The God's Eye View

By: Barry Eisler

PROLOGUE . . . . . . . .

. . . . . . . . .

June 3, 2013

General Theodore Anders was dreaming of marlin fishing when the secure phone rang on the bed stand next to him. He sat up immediately, concerned but not unduly so. He’d been awakened plenty of times over the course of his career, and by much worse than a telephone.

He blinked and reflexively scanned the room by the dim light of the bedside digital alarm clock. His wife, Debbie, continued snoring softly beside him. She’d learned to tune out NSA’s intrusions almost immediately after he’d been appointed director. If it were an internal problem, he wouldn’t be able to tell her. If the problem were external, she’d see it on the news soon enough. Either way, she didn’t want to know, or at least not before she had to. She was a good woman.

He cleared his throat and picked up the handset before the unit could ring a second time. In the army, he’d learned to impress his superiors with an image of constant readiness. The habit had stayed with him long since his superiors had become his subordinates.

“Go ahead,” he said quietly. It was his standard greeting—a crisp, efficient command. He also liked responding to a knock with a single word: Come. The implication being that the extra syllable of the standard Come in was wasteful and unnecessary. Debbie hated it and had trained him not to do it at home. She told him it was how someone talked to a dog—come, sit, stay. Which, he had to admit, was probably part of the appeal.

He was expecting an immediate, succinct briefing on whatever situation had necessitated the call. So he was surprised to hear his executive officer instead say, “This is General Remar. Your access protocol, please.”

Anders was momentarily so surprised he said, “Mike, it’s me.”

“I’m sorry, Ted. I need your access protocol before proceeding.”

The access protocol was an additional layer of security for use of the secure phone, a way of determining the bona fides of the person on the other end of the line. In all the years they had worked together, Remar had never asked for it when calling Anders at home. Either something exceptionally bad was afoot, or his XO was taking extra care to cover his ass by following strict procedure. Which, Anders knew, amounted to the same thing. He felt a shot of warmth in his gut as adrenaline spread through his system.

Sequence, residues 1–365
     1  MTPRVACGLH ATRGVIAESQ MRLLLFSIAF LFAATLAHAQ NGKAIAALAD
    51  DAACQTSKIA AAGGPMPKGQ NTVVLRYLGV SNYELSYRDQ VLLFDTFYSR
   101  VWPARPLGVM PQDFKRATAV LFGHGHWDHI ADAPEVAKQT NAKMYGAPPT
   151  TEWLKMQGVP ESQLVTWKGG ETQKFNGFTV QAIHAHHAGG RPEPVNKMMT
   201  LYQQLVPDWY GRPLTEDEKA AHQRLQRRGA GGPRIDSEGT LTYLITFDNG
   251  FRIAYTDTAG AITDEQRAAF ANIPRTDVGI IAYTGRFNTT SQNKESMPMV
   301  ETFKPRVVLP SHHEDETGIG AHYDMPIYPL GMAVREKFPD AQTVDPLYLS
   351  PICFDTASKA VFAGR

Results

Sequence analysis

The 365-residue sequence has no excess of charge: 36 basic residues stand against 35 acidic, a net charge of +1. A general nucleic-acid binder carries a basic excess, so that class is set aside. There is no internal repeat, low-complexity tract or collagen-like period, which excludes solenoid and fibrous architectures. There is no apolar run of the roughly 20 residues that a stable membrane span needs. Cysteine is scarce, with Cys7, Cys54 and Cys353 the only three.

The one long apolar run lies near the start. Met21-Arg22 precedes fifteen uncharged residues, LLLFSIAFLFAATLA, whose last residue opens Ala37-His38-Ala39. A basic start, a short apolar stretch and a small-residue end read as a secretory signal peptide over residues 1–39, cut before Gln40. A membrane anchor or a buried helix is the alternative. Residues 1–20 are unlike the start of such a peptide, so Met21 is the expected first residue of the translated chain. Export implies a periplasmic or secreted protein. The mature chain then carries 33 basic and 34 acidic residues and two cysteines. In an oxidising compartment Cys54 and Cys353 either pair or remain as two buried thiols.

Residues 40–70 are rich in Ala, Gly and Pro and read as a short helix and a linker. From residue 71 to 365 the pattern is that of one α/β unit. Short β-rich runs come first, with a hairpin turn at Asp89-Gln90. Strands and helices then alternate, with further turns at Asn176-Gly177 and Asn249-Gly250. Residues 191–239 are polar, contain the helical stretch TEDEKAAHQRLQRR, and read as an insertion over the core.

He thought for a moment. What was the last protocol he’d been issued? “Romeo Bravo Foxtrot. Seven, three, niner.”

“Victor Delta Golf. Eight, one, four.”

“All right, what is it?”

“Data breach. Potentially huge.”

The warmth in his gut got hotter. “Define huge.”

“We don’t even know yet. Tens of thousands of documents. Maybe more. This guy had access to everything. PRISM. XKeyscore. Policy Directive 20. Boundless Informant. Upstream. Everything.”

The heat in his stomach was suddenly a frozen knot. This was bad. Unbelievably bad.


“We’re 80 percent sure it’s a contractor named Snowden. Edward Snowden. Former CIA infrastructure analyst, DIA counterintel trainer, full administrator privileges.”

Full administrator privileges. For a moment, Anders actually couldn’t breathe.

“Wait,” he said. He got out of bed, picked up the base unit, and padded silently across the soft carpet into the bathroom, the long phone cable snaking along behind him. He left the light off because the darkness was suddenly comforting, a hiding place, a cocoon. He cradled the handset between his cheek and shoulder, closed and locked the door, turned on the sink faucet to mask sound, and stepped inside the glassed-in shower stall. Only then did he close his eyes and say, “Tell me he didn’t have access to God’s Eye.”

“He didn’t have permissions.”

“I know he didn’t have permissions. That’s not what I asked.” He realized his tone was sharper than he’d intended.

“There’s no evidence of a breach there. But Snowden . . . this guy is extremely capable. We’re interviewing his colleagues. The word genius is coming up a lot.”

“We need to know if God’s Eye is secure. I don’t care what else has been compromised. That is the absolute top priority.”

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